The Australian’s Robert Gottliebsen says the US Federal Reserve has shown it is prepared to ‘go hard and fast’ by its recent decision to lift rates by 0.75%, along with foreshadowing that a similar rise is likely in the near future.
The Reserve Bank of Australia (RBA), by contrast, is more likely to adopt a strategy of smaller rate rises and is more likely to cause a recession, with it being more long-lasting and more severe:
Americans believe that the only way to tackle any crisis is to take strong and decisive action. Australians, particularly our central bank, are often more tentative…
The thought of Australia following the US and prescribing a further 1.5 per cent interest rate rise delivered quickly will send shivers down the Reserve Bank’s spine.
But we can learn from the Americans that slow drip tortures do not work and in the end cause longer and more severe downturns…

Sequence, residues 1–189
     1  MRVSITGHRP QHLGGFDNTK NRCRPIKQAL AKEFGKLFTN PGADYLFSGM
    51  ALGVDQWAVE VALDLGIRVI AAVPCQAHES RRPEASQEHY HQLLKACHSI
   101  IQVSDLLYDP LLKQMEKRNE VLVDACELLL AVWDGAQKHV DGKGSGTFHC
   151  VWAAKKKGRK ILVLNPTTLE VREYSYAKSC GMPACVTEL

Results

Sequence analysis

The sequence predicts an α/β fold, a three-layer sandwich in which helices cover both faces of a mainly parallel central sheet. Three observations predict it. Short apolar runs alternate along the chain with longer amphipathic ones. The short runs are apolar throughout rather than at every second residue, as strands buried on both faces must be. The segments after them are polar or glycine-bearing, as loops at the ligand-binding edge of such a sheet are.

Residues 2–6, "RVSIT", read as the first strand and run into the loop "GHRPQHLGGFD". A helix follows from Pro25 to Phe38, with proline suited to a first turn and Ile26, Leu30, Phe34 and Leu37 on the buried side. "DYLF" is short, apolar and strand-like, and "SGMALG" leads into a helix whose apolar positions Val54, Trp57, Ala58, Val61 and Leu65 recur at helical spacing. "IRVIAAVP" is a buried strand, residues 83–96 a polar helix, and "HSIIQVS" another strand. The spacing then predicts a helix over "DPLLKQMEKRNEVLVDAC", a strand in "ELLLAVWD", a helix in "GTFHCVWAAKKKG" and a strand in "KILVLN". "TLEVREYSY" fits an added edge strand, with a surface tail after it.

US style rate rises need consideration…
The comparison with the US Federal Reserve is daft.
Unlike in Australia, most mortgages in the US have a fixed-interest rate, locked in for 30 years. A US 30-year fixed mortgage at 2.5% will still have the same monthly repayment — even after a series of rate rises. This means that a huge chunk of existing borrowers in the US are insulated from Fed rate hikes. It also means that the Fed needs to be more aggressive on rates to curb demand (other things equal).
The situation is the polar opposite in Australia. Australia is unique in that the overwhelming bulk of mortgage holders are on variable rates. This means that any change in the official cash rate from the RBA is quickly transmitted into mortgage repayments and the economy. Therefore, the RBA can suppress demand through rate hikes far more quickly than most other jurisdictions.
Following Gotti’s prescription and going harder and faster on rate hikes would very likely cause the sharp recession he says he wants to avoid.
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